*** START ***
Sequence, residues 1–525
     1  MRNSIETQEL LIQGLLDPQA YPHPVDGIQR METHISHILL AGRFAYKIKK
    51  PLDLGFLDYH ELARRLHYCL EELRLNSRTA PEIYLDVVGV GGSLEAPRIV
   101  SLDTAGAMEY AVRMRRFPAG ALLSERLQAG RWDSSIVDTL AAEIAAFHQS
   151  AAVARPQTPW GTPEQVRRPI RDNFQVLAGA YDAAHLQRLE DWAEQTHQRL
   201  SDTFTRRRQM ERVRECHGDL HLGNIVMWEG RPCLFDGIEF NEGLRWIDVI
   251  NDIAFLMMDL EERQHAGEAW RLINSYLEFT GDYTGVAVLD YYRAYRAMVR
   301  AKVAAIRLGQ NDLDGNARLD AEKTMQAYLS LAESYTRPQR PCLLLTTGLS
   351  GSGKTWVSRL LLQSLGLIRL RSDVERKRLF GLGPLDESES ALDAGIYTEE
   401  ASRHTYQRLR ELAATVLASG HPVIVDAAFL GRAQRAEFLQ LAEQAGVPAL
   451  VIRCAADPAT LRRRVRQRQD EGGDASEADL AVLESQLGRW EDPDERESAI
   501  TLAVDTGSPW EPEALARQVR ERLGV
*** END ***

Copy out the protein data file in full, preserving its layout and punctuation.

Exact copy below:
Sequence, residues 1–525
     1  MRNSIETQEL LIQGLLDPQA YPHPVDGIQR METHISHILL AGRFAYKIKK
    51  PLDLGFLDYH ELARRLHYCL EELRLNSRTA PEIYLDVVGV GGSLEAPRIV
   101  SLDTAGAMEY AVRMRRFPAG ALLSERLQAG RWDSSIVDTL AAEIAAFHQS
   151  AAVARPQTPW GTPEQVRRPI RDNFQVLAGA YDAAHLQRLE DWAEQTHQRL
   201  SDTFTRRRQM ERVRECHGDL HLGNIVMWEG RPCLFDGIEF NEGLRWIDVI
   251  NDIAFLMMDL EERQHAGEAW RLINSYLEFT GDYTGVAVLD YYRAYRAMVR
   301  AKVAAIRLGQ NDLDGNARLD AEKTMQAYLS LAESYTRPQR PCLLLTTGLS
   351  GSGKTWVSRL LLQSLGLIRL RSDVERKRLF GLGPLDESES ALDAGIYTEE
   401  ASRHTYQRLR ELAATVLASG HPVIVDAAFL GRAQRAEFLQ LAEQAGVPAL
   451  VIRCAADPAT LRRRVRQRQD EGGDASEADL AVLESQLGRW EDPDERESAI
   501  TLAVDTGSPW EPEALARQVR ERLGV